Homeless along the Freeway

She stood surprisingly tall and alert but worn out and desperate. Unwashed blonde hair hung over gray-white skin. Her clothes were ragged, drab, and yet rich with color all at once. Bands of red, purple, and green zigzagged through the fibers of a dirty Sherpa hat pulled down tight. A turquoise scarf was wrapped around her neck and flung over her shoulders. Her eyes flickered between the waning control of high intelligence and the growing impulses for beastly survival. She looked real. She was real.

Upon the edge of an exit ramp off the freeway along which traffic thunders through Seattle, she stood there in mismatch boots holding up a ragged cardboard sign. It stated:





Shocked, I drove on. Almost got hit by another car for staring a moment too long. Shook up, I accelerated forward and went around the bend. This was back in early October 2011, Occupy Wall Street protests were breaking out around my country including here in Seattle, I’d even marched peacefully in a couple, and scores of homeless were massing outside the Gates Foundation in protest. Almost two months later I haven’t seen her again. I promised myself if I did I would find a way to stop.

Yesterday on an early December day trip with family and friends – we’d gone for a day hike up Little Si Mountain, really a big, forested hill edged with cliffs, followed by a quick drive up to Snoqualmie Pass and back to see Cascade mountain snow – I’d stopped in heavy traffic to “rescue” a runaway wheel.

The rear driver’s side wheel of an SUV had broken off moments before and was rolling down the edge of I-90. At any moment it might veer into several lanes of traffic barreling oblivious down the mountain. One driver was attempting to follow it with flashing lights, but after a while he gave up as the wheel began to wobble. I pulled off the road, parked, darted out, grabbed the wheel, and rolled it back across the freeway. Most drivers saw me and slowed down until I got safely across all four lanes with the wheel and tossed it into the back of our minivan. Well, not quite tossed, as I didn’t wanna squish the dog.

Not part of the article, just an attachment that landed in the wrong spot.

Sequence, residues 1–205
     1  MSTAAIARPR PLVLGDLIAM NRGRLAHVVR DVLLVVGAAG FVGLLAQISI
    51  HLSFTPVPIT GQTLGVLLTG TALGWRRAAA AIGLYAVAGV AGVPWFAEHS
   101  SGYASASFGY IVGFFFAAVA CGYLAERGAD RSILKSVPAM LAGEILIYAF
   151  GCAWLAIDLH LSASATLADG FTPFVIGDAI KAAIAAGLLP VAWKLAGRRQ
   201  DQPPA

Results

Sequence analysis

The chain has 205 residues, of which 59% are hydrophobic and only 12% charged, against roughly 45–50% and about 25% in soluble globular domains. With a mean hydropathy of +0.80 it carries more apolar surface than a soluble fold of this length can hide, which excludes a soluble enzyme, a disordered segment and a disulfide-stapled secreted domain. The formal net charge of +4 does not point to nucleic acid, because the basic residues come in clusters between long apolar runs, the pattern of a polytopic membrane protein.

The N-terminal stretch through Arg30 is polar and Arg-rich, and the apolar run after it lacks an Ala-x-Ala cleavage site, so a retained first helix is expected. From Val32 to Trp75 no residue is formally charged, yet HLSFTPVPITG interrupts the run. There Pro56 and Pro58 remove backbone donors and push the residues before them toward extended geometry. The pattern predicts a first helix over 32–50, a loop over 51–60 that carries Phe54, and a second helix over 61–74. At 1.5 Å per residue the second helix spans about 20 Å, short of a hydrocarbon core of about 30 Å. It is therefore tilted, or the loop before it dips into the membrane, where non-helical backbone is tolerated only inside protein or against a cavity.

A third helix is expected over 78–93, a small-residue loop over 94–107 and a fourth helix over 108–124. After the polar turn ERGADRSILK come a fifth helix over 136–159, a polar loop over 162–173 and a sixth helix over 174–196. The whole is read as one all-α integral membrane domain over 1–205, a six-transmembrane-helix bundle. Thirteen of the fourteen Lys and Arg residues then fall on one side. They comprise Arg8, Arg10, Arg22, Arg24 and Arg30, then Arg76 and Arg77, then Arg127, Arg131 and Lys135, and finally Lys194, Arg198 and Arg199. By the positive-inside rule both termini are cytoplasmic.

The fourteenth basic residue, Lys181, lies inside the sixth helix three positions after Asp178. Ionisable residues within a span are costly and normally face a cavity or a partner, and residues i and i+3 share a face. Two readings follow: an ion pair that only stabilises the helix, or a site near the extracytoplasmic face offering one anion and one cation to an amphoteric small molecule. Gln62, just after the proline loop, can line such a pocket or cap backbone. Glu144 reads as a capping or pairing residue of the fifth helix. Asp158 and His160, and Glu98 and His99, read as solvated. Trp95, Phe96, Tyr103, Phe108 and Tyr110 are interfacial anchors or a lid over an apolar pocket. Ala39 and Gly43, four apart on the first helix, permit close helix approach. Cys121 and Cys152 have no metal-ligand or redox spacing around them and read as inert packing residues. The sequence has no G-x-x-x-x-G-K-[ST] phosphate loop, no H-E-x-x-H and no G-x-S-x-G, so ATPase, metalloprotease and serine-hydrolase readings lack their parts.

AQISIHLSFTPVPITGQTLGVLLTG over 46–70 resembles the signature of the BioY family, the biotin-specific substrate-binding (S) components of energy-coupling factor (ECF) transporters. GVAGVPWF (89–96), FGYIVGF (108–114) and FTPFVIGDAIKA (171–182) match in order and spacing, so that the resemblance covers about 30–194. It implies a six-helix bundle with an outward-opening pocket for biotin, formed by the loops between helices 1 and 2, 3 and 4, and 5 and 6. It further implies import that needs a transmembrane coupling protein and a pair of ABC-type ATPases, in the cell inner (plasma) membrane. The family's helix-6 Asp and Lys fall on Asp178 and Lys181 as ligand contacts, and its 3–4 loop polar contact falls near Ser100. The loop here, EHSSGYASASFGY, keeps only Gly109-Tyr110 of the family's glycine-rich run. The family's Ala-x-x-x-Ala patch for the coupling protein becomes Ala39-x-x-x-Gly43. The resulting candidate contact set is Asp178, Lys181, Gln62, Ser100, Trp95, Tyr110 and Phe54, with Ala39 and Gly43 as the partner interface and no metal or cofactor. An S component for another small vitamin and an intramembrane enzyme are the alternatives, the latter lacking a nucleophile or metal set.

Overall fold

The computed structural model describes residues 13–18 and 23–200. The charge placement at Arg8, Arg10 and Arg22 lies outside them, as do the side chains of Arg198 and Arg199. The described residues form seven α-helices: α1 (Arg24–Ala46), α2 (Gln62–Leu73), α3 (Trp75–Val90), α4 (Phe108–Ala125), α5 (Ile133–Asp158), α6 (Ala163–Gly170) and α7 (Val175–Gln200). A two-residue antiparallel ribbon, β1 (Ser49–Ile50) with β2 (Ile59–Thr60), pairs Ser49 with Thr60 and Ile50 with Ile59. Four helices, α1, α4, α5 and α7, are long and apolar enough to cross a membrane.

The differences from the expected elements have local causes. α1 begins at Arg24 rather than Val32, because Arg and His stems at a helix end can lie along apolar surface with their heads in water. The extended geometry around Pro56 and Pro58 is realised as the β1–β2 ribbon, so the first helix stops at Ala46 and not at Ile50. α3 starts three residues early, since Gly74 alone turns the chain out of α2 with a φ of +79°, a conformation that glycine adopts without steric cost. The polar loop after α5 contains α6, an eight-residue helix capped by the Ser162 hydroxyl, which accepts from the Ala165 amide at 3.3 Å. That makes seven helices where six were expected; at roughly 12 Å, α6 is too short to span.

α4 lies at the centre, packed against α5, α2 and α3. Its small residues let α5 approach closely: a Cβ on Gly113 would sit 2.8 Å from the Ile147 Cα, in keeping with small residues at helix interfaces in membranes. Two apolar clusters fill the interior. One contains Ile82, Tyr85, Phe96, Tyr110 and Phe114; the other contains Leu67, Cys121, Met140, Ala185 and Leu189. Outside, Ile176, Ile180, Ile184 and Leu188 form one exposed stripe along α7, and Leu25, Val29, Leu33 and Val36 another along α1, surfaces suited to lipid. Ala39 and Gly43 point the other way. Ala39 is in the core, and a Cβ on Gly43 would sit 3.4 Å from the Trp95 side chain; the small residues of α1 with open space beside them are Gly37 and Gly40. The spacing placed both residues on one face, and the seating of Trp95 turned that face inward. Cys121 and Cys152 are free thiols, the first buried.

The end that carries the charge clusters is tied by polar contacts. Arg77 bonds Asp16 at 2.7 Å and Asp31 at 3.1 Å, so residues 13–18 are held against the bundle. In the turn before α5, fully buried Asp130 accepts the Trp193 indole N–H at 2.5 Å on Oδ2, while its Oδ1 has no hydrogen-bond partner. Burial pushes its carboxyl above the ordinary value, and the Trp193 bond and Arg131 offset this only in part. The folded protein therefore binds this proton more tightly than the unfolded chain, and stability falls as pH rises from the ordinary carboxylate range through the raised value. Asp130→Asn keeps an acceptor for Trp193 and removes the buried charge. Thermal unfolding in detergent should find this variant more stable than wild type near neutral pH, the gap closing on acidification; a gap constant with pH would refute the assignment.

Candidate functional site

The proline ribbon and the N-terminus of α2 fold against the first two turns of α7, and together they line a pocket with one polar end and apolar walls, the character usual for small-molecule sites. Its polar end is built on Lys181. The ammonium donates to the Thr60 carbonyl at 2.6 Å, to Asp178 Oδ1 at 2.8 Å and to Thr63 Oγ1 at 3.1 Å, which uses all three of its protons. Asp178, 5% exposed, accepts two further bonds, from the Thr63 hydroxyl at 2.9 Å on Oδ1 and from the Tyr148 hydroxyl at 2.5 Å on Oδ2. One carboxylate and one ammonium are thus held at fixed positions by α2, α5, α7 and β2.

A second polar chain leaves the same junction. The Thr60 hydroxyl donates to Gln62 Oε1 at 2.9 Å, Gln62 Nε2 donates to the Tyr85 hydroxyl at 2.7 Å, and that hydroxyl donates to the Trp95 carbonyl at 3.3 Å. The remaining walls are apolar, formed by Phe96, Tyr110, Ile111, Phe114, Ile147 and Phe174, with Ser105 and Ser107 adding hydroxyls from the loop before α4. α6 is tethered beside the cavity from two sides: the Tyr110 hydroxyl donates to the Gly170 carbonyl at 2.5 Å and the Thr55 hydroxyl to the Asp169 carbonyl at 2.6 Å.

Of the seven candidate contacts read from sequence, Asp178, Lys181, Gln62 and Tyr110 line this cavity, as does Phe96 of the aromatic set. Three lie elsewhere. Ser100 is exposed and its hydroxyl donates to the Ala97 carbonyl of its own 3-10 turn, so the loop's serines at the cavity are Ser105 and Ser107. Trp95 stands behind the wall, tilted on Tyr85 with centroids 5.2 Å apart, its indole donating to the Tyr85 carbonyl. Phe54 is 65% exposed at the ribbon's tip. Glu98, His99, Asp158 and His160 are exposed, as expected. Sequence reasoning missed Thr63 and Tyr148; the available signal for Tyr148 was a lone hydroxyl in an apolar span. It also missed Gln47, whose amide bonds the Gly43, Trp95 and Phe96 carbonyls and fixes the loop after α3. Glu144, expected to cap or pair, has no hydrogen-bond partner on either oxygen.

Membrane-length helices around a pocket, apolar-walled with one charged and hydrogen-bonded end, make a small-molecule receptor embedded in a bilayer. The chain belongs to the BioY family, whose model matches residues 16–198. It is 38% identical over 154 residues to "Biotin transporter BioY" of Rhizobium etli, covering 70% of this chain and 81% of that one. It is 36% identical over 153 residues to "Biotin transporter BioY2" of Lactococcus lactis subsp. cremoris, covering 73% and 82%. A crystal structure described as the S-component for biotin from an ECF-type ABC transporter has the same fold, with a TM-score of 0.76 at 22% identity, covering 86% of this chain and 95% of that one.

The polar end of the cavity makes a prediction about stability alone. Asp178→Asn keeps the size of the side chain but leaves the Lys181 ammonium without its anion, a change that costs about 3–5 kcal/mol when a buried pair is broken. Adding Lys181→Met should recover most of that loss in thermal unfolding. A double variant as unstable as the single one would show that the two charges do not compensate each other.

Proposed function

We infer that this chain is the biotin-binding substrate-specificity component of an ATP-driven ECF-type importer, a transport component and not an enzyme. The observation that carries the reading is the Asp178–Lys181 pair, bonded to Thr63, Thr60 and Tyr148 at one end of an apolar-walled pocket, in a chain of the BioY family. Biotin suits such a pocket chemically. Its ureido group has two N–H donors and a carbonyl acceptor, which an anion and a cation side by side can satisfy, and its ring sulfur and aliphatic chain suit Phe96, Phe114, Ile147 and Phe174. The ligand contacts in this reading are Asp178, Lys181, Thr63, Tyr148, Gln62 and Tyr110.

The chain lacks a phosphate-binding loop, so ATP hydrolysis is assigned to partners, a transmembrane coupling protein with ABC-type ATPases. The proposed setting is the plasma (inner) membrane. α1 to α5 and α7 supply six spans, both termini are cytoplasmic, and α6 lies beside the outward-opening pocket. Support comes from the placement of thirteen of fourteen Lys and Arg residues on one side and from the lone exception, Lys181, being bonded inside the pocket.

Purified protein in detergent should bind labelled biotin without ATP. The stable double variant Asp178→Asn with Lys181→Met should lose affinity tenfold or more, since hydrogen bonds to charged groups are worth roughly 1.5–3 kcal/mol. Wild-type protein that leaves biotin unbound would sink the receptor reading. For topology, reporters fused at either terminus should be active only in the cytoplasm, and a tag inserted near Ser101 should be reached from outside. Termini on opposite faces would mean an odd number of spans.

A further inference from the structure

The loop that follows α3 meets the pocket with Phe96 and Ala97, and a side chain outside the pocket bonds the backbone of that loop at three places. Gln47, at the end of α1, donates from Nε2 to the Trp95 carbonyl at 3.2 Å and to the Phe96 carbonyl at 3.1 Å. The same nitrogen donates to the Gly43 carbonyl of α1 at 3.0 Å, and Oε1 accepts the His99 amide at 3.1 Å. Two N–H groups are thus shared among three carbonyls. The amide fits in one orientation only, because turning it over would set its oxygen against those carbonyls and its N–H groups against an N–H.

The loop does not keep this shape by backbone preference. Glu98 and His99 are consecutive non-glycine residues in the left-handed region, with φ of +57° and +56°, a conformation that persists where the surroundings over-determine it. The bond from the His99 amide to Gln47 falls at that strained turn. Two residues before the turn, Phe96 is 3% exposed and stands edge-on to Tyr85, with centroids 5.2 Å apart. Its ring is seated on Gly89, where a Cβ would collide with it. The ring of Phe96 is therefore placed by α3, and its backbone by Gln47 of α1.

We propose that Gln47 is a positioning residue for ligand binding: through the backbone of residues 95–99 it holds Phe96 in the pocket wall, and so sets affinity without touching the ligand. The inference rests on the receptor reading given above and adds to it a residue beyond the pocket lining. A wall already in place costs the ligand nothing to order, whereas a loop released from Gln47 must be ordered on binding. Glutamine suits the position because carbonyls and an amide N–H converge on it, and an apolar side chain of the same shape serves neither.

As we were already down to the Asahel Curtis exits, I simply turned around, drove back up to the Pass, then around and back down the freeway to the stranded car. A long scar raked through asphalt pavement, left by the axle dragging down the road from where the wheel snapped off further back up the mountain. The driver was a woman of about 30 with two young girls in the back. One of them was a baby strapped in a car seat just screaming blood murder, terrified.

The driver said it was a miracle she even made it to the side of the freeway without losing control or causing others to wreck. She was glad to see her wheel, as at least the tire was in great shape. But her rear axle was destroyed and all the parts of the wheel hub drum brake system ripped off and shredded. Couldn’t even put a spare on. Just then a small car of snowboarders jumped out and a man with an intensely red beard zeroed in on the shattered axle parts. Maybe he was the driver’s partner and the father of those two children. I just wanted somebody to pick up and hold that squawlling baby girl. Being a dad myself, I’ve learned when scary stuff rocks their world they just wanna be picked up and held tight.